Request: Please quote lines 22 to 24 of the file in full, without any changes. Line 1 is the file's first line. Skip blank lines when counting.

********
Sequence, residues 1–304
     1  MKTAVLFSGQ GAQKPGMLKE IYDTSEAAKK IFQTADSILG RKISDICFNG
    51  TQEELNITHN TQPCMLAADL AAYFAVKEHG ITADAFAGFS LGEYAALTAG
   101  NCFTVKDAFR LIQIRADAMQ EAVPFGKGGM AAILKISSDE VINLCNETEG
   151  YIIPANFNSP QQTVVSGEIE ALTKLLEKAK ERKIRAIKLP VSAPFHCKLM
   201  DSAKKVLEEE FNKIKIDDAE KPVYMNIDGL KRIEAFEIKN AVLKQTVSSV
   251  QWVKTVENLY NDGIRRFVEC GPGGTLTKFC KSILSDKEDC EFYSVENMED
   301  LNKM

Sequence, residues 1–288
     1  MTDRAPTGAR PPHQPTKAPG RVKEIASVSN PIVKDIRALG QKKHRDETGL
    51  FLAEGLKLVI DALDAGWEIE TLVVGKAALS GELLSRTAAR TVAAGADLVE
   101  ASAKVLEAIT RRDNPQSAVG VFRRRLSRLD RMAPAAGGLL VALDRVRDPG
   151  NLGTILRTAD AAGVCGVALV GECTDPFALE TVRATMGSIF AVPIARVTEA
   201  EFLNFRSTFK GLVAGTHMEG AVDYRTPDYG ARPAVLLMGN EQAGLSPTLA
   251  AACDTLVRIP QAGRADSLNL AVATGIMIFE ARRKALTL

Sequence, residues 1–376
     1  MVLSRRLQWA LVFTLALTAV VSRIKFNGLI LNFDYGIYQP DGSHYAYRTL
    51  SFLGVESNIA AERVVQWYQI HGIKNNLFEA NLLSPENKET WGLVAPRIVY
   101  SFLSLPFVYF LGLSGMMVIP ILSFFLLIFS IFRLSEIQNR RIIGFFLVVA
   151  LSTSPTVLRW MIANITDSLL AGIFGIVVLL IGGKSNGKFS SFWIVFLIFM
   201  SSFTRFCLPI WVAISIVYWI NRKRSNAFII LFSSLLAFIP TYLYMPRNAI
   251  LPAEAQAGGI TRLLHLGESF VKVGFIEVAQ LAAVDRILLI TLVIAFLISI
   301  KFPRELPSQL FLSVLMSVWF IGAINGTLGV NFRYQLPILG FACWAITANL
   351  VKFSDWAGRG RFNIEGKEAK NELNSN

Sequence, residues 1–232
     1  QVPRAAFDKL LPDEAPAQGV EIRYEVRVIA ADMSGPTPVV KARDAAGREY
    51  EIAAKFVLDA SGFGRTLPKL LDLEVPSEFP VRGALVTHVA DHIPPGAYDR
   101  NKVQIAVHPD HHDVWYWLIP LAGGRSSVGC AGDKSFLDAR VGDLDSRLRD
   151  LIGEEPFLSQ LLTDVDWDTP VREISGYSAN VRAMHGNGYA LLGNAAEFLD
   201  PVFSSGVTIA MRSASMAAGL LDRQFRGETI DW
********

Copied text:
   251  LPAEAQAGGI TRLLHLGESF VKVGFIEVAQ LAAVDRILLI TLVIAFLISI
   301  KFPRELPSQL FLSVLMSVWF IGAINGTLGV NFRYQLPILG FACWAITANL
   351  VKFSDWAGRG RFNIEGKEAK NELNSN